Shannon - He's a wonderful man. And not squeamish in the least. :)

Krista - I remember you walking me down to the nurse's office countless times. :)

And if Chris was to distract me with food, I'm sure I wouldn't have noticed the shot at all.

Rachel - (I was just over at your blog! Small blogosphere, eh?) I agree - anyone who lives with someone on injection therapy should know how to shoot them up. Knowledge is power!


Funny, but Mr. L has only known me on the pump as well and I've never thought to ask him to learn how to give me a shot, or test my blood or anything. He's super squeamish, and I'm a super control freak, so I don't see anything changing soon.

Batman - You'll be next to have to learn. ;)

Lyrehca - The idea to have him become familiar actually came from he and I talking about how the glucagon kit worked. I wanted to make sure he could draw up a needle and stick it in me before a crisis situation arose. Now he and I can both take comfort in the fact that he can un-squeamishly shoot me up.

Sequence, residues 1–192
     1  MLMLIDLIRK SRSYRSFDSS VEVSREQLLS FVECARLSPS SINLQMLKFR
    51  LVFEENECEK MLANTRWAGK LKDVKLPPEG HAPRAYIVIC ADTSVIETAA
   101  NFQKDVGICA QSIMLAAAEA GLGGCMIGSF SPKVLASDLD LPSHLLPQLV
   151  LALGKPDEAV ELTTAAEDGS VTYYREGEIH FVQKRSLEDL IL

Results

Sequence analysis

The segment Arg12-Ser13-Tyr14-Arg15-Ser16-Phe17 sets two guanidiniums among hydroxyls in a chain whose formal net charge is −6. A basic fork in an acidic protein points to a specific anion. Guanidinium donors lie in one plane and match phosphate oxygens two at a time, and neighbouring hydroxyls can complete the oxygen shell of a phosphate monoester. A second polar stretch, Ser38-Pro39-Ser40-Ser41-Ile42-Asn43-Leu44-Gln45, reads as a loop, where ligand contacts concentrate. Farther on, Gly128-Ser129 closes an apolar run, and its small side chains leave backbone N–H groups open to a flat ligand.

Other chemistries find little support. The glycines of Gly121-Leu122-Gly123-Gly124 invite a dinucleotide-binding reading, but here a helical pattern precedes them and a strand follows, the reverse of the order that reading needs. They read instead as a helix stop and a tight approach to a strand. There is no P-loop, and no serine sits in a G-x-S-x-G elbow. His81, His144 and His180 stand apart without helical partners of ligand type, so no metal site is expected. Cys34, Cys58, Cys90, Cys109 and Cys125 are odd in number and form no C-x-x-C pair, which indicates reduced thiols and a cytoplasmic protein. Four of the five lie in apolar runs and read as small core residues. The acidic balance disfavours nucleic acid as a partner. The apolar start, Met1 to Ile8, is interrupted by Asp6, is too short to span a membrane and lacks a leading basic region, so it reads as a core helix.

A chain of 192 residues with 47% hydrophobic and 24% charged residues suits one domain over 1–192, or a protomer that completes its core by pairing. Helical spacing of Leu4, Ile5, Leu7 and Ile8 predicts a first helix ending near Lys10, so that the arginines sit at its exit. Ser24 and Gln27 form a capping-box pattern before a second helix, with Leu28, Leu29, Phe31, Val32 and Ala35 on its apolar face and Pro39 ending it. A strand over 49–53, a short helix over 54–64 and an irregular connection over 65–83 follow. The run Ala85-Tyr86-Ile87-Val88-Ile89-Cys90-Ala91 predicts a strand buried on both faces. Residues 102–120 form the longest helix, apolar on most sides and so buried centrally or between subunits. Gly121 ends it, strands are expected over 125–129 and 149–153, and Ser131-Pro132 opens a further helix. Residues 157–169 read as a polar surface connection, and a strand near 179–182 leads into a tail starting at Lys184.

Good idea Kerri! Chris is awesome and you two are aweomse together! So much better then Brit and K-fed! I would rather hear about you guys! :)

Sounds like a scene from Requiem for a Pancreas.

George - Brit and K-Fed? Oh my goodness. They're legitimate CNN news, don'tcha know. Go ask Julia about it. ;)

Darrell - My eyes dilated quickly as the plunger depressed and there was a close-up on my face. Aronofsky be damned!

ahhhh...this reminded me of teaching bob how to give my peanut gracie a shot. He cried afterwards.....It never occurred to me to teach him how to give ME a shot!

Awww, how sweet. And, wonderful. And, awesome. He doesn't happen to have a sister about Riley's age does he?

Good Job Chris!!!